Gavilan College celebrates 400 years of Don Quijote

The History of Don Quixote - The Second Part

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The History of the
Valorous & Witty Knight-Errant Don Quixote of the Mancha

By Miguel de Cervantes, Translated by Thomas Shelton

The Second Part

CHAPTER LXIX: Of the Newest and Strangest Adventure that in all the Course of this History befel Don Quixote

 

THE horsemen all alighted, and the footmen taking Don Quixote and Sancho forcibly in their arms, they set them in the court, where round about were burning a hundred torches in their vessels of purpose; and about the turrets above five hundred lights; so that in spite of dark night they might there see day.

In the midst of the court there was a hearse raised some two yards from the ground, covered with a cloth of state of black velvet, and round about it there burned a hundred virgin wax candles in silver candlesticks; on the top of it there lay a fair damsel, that showed to be dead, that with her beauty made death herself seem fair; her head was laid upon a pillowbere of cloth of gold, crowned with a garland, woven with divers odoriferous flowers; her hands were crossed upon her breast, and betwixt them was a bough of flourishing yellow palm.

On one side of the court there was a kind of theatre set up, and two personages in their chairs, who with their crowns on their heads, and sceptres in their hands, seemed to be either real or feigned kings; at the side of this theatre, where they went up by steps, there were two other chairs, where they that brought the prisoners set Don Quixote and Sancho; and all this with silence, and signs to them that they should be silent too; but without that they held their peace, for the admiration of what they there saw tied their tongues. After this, two other principal personages came up, whom Don Quixote straight knew to be the duke and duchess, his host and hostess, who sat down in two rich chairs near the two seeming kings. Whom would not this admire, especially having seen that the body upon the hearse was the fair Altisidora? When the duke and duchess mounted, Don Quixote and Sancho bowed to them, and the dukes did the like, nodding their heads a little; and now an officer entered athwart them, and, coming to Sancho, clapped a coat of black buckram on him, all painted with flames of fire; and, taking his cap off, he set a mitre on his head, Just such a one as the Inquisition causes to be set upon heretics, and bade him in his ear he should not unsew his lips, for they would clap a gag in his mouth, or kill him.

Sancho beheld himself all over, and saw himself burning in flames; but since they burned not indeed, he cared not a rush for them. He took off his mitre, and saw it painted with devils; he put it on again, and said within himself, ‘Well, yet neither the one burns me, nor the others carry me away.’

Don Quixote beheld him also, and though fear suspended his senses, he could not but laugh at Sancho’s picture; and now from under the hearse there seemed to sound a low and pleasing sound of flutes, which being uninterrupted by any man’s voice (for there it seemed silence’ self kept silence), was soft and amorous.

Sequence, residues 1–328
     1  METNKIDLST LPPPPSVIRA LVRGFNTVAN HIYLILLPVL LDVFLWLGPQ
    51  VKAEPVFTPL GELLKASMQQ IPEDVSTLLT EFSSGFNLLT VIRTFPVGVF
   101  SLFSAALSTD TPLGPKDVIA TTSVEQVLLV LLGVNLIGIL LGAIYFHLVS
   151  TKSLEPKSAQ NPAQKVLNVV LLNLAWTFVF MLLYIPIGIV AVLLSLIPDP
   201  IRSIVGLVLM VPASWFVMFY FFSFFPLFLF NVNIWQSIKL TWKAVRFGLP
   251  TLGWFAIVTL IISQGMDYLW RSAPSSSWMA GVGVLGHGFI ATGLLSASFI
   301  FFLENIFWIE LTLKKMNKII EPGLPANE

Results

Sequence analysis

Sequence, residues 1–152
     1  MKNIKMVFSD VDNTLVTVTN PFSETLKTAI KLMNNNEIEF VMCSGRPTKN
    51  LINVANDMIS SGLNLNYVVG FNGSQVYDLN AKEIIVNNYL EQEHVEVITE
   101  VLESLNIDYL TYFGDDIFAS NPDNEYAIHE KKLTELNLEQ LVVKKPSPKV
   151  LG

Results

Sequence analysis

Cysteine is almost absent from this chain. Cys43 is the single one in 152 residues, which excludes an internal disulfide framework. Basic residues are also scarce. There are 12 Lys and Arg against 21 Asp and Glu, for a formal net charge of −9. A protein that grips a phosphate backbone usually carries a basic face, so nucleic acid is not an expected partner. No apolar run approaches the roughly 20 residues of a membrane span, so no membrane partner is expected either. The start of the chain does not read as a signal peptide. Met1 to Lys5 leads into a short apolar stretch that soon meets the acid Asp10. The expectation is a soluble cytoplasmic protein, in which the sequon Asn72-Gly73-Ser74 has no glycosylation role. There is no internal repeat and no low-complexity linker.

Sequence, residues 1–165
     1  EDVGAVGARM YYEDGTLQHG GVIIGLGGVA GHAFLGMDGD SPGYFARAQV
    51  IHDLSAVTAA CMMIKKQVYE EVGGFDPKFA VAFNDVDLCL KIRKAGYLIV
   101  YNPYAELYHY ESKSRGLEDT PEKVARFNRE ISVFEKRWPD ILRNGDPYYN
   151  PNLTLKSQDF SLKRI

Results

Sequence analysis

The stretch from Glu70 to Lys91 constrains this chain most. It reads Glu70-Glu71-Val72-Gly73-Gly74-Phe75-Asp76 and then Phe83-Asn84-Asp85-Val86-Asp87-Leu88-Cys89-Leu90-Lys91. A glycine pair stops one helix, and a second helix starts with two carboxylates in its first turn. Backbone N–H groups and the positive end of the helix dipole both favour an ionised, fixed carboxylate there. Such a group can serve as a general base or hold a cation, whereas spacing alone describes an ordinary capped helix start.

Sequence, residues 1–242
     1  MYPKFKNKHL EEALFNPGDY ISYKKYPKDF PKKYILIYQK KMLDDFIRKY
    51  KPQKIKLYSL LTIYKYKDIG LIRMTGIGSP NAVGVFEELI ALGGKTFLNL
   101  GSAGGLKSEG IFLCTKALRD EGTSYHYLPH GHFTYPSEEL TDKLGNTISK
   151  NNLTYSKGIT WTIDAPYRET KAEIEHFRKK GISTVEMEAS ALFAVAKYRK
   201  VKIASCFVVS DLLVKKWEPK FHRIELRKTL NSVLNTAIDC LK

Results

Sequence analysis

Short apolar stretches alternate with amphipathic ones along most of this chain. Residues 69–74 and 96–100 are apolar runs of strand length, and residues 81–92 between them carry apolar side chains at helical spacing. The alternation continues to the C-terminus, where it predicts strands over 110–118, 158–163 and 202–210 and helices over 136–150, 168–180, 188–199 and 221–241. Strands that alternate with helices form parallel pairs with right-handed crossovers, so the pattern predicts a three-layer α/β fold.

Straight there appeared suddenly on the pillow of the hearse a carcass of a goodly youth, clad like a Roman, who to the sound of a harp himself played on, with a most sweet and clear voice, sung these two stanzas following.1

‘Enough,’ said one of the two that seemed to be kings, ‘enough, divine singer; for it were to proceed in infinitum to paint unto us the misfortunes and graces of the peerless Altisidora, not dead, as the simple world surmiseth, but living in the tongues of fame, and in the penance that Sancho is to pass, to return her to the lost sight; and therefore thou, O Rhadamanthus, that judgest with me in the darksome caves of Dis, since thou knowest all that is determining in the inscrutable fates, touching the restoring of this damsel, tell and declare it forthwith, that the happiness we expect from her return may not be deferred.’

Scarce had Judge Minos said this, when Rhadamanthus, standing up, said, ‘Go to, ministers of this house, high and low, great and small, come one after another, and seal Sancho’s chin with four-and-twenty tucks, twelve pinches, and with pins prick his arms and buttocks six times, in which Altisidora’s health consists.’

When Sancho Panza heard this, he broke off his silence, and said, ‘I vow, you shall as soon tuck me, or handle my face, as make me turn Moor. Body of me, what hath the handling my face to do with this damosel’s resurrection? The old woman tasted the spinage, etc., Dulcinea is enchanted, and I must be whipped to disenchant her. Altisidora dies of some sickness it pleaseth God to send her, and her raising must be with four-and-twenty tucks given me, and with grinding my body with pin-thrusts, and pinching my arms black and blue; away with your tricks to some other, I am an old dog, and there’s no histing to me.’